Or Something Like It

Life is all right but I’d rather re-watch Alien

Film | by Jorge Ignacio Castillo

Life
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It’s nearly 40 years old but 1979’s Alien is still the standard for horror in space. Alien operates at an unprecedented high level that might never be matched, and every vaguely scary science fiction flick will be measured against it. None beat it and even fewer are truly original.

Life knows it can’t compete, so it’s happy to deliver mild thrills at a decent pace.

The plot: the crew of the International Space Station makes the discovery of a lifetime when they find a single-celled organism in samples of Martian soil. The first red flag comes from the quick development of the creature, a cross between a starfish and an octopus. The fact the head scientist is infatuated with the thing (nicknamed “Calvin”) also doesn’t bode well for the future of the team.

Life deserves kudos for its staging of the many showdowns between the crew and Calvin. There are a couple that are truly nightmarish, especially if closed spaces scare you. But as the novelty wears off and scientific-speak gets in the way of the action, Life becomes predictable, including a final twist so poorly executed one could see it coming from miles away.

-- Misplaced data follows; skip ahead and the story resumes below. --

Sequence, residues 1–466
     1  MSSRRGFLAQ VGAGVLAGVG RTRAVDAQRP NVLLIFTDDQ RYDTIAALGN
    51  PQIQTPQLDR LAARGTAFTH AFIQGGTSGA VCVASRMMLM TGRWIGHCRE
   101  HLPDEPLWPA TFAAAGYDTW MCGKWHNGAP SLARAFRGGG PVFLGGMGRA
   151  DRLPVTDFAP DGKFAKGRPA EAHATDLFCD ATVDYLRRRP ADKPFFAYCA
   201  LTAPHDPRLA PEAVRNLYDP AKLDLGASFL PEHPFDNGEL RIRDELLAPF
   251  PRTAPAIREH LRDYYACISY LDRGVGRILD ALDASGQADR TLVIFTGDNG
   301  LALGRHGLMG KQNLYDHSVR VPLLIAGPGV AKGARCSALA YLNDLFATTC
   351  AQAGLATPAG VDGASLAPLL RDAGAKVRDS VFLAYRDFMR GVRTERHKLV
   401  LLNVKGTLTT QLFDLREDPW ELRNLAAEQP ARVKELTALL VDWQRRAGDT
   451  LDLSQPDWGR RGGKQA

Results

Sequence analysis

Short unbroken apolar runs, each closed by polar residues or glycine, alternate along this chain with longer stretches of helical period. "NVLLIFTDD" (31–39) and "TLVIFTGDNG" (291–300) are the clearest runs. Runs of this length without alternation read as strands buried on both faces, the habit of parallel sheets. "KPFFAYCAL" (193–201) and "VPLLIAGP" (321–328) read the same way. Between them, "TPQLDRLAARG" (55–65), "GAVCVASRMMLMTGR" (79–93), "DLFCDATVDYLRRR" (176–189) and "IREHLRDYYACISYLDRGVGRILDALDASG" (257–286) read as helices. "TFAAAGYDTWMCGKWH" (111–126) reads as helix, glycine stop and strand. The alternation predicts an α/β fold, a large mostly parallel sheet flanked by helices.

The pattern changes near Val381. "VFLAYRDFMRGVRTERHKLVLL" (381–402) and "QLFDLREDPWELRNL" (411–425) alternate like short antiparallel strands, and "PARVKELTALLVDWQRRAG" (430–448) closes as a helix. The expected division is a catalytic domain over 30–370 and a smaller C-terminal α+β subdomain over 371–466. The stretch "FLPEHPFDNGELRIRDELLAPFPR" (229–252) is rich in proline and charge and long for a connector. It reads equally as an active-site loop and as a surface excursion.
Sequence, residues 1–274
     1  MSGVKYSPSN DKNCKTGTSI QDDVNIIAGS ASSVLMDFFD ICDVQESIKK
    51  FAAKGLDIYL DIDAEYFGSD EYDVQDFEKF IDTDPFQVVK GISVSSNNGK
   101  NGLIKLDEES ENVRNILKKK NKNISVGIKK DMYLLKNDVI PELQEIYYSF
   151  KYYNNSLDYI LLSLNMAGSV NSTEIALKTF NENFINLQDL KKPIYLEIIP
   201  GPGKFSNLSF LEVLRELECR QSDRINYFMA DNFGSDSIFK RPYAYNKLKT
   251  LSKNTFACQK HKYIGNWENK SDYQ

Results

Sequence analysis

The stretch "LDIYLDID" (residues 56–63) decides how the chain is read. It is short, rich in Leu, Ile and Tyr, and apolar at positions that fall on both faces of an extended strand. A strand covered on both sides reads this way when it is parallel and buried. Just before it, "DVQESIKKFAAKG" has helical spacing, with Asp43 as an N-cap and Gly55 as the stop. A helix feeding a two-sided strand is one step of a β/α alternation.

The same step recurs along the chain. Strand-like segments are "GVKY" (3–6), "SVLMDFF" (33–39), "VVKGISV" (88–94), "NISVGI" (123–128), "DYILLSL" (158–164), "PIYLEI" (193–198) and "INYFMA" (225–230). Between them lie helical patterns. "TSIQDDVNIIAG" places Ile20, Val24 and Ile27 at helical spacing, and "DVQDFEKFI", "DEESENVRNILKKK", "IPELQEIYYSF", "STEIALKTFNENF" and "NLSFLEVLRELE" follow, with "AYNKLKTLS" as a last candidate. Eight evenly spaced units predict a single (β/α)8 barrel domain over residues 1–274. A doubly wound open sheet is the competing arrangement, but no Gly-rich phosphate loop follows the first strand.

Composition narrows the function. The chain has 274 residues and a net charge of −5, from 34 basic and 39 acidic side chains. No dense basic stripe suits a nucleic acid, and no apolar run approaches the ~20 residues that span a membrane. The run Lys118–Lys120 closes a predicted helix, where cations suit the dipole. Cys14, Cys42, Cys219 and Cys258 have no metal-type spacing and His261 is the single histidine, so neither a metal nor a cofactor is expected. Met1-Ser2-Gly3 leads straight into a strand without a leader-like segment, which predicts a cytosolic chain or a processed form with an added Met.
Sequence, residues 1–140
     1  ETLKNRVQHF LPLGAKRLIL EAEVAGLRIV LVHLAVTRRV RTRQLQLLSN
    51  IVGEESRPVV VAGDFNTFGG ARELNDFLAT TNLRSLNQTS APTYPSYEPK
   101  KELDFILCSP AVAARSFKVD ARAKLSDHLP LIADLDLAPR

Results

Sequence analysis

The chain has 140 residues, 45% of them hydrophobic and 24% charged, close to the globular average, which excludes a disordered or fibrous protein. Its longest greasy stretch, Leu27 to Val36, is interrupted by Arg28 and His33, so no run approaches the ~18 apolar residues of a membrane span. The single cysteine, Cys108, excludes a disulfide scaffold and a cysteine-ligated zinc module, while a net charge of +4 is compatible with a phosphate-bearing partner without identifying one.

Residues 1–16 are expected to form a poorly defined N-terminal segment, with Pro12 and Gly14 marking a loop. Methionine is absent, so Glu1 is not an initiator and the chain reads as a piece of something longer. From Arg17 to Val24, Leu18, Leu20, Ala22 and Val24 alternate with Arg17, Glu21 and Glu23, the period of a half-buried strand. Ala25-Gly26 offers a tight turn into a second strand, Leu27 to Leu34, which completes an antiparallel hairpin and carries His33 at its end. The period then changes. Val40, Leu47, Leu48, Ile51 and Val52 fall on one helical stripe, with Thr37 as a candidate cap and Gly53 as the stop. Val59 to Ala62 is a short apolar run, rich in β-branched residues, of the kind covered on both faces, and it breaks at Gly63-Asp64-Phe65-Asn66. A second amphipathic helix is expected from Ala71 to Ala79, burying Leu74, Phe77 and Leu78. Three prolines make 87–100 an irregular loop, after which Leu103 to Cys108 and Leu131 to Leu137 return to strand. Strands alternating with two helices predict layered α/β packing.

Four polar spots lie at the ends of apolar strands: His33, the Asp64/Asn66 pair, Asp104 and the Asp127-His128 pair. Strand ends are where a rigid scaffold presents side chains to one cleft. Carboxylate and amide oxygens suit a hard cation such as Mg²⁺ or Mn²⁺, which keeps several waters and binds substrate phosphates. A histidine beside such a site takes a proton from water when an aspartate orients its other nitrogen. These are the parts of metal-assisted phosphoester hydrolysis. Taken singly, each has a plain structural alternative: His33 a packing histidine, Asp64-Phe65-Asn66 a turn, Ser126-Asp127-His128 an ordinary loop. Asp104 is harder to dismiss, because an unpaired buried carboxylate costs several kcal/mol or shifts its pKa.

Also, anyone who has seen horror movies can guess the order the astronauts will bite the dust. Ryan Reynolds isn’t third-billed just for kicks.

The movie’s design and effects aren’t bad, but Life lacks the tactile aspect of Alien and the chaotic elegance of Gravity. As realistic as it all looks, one can’t shake the notion it’s CGI. You wouldn’t notice in a better movie. And if you’re mildly familiar with biology, there are things in Life that will make you cringe in embarrassed disbelief (and we’re talking elementary school level).

Better character development could’ve elevated Life above second-rate. Every so often, the movie pauses to ponder the meaning of existence and poor Jake Gyllenhaal is forced to deliver lines like “it’s hard to watch people die” or find an epiphany in “Goodnight Moon”. It’s fine skipping the “getting to know you” part, but spare me the lecture. ❧